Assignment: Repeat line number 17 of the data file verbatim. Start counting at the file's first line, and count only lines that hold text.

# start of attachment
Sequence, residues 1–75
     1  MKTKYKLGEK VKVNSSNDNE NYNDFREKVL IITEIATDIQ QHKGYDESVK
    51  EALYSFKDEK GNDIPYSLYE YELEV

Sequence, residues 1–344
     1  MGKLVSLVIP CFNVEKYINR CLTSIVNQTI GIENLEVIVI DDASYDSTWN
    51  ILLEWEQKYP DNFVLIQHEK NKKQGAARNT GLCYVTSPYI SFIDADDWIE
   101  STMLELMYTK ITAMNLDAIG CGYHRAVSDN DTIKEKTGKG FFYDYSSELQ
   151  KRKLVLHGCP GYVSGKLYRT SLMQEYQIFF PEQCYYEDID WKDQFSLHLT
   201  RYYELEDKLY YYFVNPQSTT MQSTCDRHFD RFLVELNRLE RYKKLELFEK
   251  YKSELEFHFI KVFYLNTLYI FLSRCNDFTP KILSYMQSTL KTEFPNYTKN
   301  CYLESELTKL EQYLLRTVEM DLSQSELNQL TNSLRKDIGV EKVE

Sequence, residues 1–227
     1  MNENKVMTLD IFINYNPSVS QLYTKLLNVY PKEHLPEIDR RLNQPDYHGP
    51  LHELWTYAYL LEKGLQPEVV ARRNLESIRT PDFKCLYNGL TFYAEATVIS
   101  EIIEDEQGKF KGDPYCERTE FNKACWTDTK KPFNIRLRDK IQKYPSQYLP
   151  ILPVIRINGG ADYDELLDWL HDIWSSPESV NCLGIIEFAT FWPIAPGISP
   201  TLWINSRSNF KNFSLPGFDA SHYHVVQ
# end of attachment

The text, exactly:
   201  TLWINSRSNF KNFSLPGFDA SHYHVVQ